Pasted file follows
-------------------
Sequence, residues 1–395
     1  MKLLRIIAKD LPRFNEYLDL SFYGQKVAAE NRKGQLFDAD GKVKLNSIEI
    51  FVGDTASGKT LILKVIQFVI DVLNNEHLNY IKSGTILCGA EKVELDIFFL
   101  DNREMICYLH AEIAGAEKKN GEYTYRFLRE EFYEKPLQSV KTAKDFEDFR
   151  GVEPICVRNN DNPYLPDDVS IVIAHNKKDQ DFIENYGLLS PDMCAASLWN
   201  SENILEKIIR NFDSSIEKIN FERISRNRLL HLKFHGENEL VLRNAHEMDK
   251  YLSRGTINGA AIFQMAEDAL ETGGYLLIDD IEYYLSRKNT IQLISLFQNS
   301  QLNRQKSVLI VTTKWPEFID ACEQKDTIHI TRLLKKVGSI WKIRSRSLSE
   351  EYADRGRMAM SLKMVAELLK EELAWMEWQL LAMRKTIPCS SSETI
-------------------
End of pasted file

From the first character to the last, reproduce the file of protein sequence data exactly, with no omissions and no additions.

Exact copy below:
Sequence, residues 1–395
     1  MKLLRIIAKD LPRFNEYLDL SFYGQKVAAE NRKGQLFDAD GKVKLNSIEI
    51  FVGDTASGKT LILKVIQFVI DVLNNEHLNY IKSGTILCGA EKVELDIFFL
   101  DNREMICYLH AEIAGAEKKN GEYTYRFLRE EFYEKPLQSV KTAKDFEDFR
   151  GVEPICVRNN DNPYLPDDVS IVIAHNKKDQ DFIENYGLLS PDMCAASLWN
   201  SENILEKIIR NFDSSIEKIN FERISRNRLL HLKFHGENEL VLRNAHEMDK
   251  YLSRGTINGA AIFQMAEDAL ETGGYLLIDD IEYYLSRKNT IQLISLFQNS
   301  QLNRQKSVLI VTTKWPEFID ACEQKDTIHI TRLLKKVGSI WKIRSRSLSE
   351  EYADRGRMAM SLKMVAELLK EELAWMEWQL LAMRKTIPCS SSETI